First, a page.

"Augusta and this golf tournament has been about a part of my life as anything other than my family and most of you know that," he said afterward.
"I don't think I could ever separate myself from this club and this golf tournament. I may not be present, I may not be here, but I'll still be part of what happens here only because I want it to be. I've had such a great life and enjoyed it so much."
Palmer's departure left tears in its wake, tears from Sam Saunders, who caddied for his famous grandfather during the 68th Masters, to his two daughters, many grandchildren and finance Kit Gawthorp.
Plenty, said Palmer.
"A lot," said Palmer, showing the facial strain of his emotional week. "Sometimes I just get tired and the emotion overrules and runs away with me. I'm not upset about it. You know if I can't handle it that's my fault."
Everywhere he walked along the rolling fairways this week, Palmer saw friends, most made over the course of his 50 years at The Masters.
Those tender moments were about the only thing that Arnold Daniel Palmer couldn't handle in his life.
He handled victory or defeat with equal grace and dignity. He beat prostate cancer and returned to play the following year at The Masters. He handled the loss of his wife, Winnie, to cancer with the dignity one expected of a golf icon.
Palmer said he will return yearly to the Champions Dinner to remain a part of the Masters and will seriously consider a role as an honorary starter, perhaps as early as 2005.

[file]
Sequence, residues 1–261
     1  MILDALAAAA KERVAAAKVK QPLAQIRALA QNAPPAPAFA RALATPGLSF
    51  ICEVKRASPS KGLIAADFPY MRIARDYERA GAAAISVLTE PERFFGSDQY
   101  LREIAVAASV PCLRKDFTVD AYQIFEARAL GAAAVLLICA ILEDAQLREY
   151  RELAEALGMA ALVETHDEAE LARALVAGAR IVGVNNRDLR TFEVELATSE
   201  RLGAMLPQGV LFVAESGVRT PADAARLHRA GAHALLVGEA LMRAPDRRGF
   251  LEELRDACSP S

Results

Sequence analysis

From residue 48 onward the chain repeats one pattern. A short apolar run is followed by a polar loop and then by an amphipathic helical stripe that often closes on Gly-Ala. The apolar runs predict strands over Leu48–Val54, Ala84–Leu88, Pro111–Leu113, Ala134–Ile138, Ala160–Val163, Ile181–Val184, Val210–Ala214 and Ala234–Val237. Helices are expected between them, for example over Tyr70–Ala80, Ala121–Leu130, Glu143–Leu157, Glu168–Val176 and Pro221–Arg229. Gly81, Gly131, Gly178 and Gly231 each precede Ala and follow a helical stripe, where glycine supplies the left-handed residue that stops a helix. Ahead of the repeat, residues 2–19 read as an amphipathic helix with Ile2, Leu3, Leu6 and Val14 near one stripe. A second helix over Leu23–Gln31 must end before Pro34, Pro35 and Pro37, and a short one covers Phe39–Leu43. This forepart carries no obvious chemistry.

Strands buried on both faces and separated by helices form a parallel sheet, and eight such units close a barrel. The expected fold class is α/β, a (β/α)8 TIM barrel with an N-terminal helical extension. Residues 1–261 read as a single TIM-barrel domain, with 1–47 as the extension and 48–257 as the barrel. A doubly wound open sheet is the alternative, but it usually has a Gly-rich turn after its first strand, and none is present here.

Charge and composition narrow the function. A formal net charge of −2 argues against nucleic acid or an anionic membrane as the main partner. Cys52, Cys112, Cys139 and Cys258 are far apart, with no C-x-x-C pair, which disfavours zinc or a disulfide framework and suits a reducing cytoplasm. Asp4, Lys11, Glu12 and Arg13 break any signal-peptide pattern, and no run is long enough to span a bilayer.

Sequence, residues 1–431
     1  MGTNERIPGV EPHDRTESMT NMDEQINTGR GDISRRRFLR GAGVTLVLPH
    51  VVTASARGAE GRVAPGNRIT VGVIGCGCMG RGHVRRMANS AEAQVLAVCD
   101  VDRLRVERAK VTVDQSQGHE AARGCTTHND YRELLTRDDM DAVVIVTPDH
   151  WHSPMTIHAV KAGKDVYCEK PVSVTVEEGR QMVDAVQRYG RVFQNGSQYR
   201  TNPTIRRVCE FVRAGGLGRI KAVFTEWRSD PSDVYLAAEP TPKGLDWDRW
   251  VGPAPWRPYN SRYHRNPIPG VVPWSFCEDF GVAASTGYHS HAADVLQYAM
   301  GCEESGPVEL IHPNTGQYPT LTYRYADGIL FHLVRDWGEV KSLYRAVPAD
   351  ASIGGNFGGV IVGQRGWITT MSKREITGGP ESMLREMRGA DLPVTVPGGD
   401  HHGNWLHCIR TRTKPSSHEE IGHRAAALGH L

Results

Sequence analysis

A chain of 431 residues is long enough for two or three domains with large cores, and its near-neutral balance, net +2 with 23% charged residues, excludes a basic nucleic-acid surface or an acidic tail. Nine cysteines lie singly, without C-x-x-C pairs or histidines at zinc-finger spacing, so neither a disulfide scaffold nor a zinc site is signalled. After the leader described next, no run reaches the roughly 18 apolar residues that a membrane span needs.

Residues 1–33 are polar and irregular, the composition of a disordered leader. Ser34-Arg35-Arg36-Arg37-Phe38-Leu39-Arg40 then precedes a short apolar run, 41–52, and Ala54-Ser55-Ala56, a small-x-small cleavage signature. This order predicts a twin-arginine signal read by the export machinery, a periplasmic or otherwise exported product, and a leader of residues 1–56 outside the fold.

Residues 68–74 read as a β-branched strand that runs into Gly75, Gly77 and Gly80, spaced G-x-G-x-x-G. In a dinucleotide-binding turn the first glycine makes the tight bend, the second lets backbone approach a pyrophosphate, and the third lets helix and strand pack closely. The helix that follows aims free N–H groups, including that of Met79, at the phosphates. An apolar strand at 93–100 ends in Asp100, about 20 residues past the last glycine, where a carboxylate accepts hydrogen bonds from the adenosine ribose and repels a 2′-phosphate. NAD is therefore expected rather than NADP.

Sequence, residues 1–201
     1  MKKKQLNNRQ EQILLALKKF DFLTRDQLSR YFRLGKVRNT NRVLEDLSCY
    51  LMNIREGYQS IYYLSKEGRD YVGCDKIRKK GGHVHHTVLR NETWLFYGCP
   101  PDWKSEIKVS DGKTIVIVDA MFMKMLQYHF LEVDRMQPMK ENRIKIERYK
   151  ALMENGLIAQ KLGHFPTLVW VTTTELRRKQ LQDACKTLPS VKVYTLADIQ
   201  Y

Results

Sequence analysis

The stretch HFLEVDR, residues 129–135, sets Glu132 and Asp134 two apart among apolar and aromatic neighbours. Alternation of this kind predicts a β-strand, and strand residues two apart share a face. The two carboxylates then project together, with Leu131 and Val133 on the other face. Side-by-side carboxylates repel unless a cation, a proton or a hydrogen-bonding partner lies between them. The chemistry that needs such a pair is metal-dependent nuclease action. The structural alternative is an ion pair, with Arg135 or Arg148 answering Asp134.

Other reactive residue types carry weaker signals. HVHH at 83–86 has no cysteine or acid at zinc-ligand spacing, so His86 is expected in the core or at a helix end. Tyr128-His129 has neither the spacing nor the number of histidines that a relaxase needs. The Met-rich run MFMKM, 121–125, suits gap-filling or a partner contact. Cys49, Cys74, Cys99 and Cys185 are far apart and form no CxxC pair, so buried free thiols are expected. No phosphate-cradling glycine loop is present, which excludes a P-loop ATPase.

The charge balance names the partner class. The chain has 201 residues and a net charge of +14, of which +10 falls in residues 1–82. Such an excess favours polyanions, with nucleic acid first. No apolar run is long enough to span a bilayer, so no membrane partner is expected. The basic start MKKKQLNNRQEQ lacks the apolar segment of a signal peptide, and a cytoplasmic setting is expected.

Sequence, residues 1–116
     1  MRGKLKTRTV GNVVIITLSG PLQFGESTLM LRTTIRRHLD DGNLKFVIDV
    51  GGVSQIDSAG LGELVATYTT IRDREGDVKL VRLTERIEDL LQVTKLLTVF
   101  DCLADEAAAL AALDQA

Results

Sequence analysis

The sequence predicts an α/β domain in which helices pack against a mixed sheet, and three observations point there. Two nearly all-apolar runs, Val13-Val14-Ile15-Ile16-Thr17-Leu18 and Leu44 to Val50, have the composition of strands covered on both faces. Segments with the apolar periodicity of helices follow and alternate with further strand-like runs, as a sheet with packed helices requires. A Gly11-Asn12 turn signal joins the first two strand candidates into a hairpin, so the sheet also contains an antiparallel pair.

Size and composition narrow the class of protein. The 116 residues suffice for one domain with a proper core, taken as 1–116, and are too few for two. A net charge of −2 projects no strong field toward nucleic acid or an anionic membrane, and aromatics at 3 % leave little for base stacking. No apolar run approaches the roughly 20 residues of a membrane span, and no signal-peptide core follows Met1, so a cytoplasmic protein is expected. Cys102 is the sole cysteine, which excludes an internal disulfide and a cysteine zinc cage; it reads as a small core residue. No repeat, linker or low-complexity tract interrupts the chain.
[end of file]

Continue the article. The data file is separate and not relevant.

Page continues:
But there will always be the memories, wonderful memories, for a man with a trunk full of them.
"I've thought about how many times I've walked up that 18th fairway," he said, rewinding his reel of highlights back to 1955, his first Masters appearance.
"I can think of the four times that I won The Masters. I can think of a couple of times that I didn't win that I felt like I should have won. I can think of the fans that have support me and listened to them, and, of course, they all have something to say, or most of them have something to say about what I'm doing when I'm walking up that fairway."
Arnold Palmer never met a fan he didn't like or a fan that didn't like his blue-collar style.
He never failed to sign an autograph or look a person in the eye whether he was on the fairway playing golf or in an entirely different arena of the business world.
He was a legend who walked among us, said Gary Player, himself a larger-than-life former Masters Champion.
"He gave of himself," said Player. "If you give to the fans, they give back. A lot of athletes are aloof. But Arnold was always aware of the man in the street."
And that can be no greater testimony for anyone.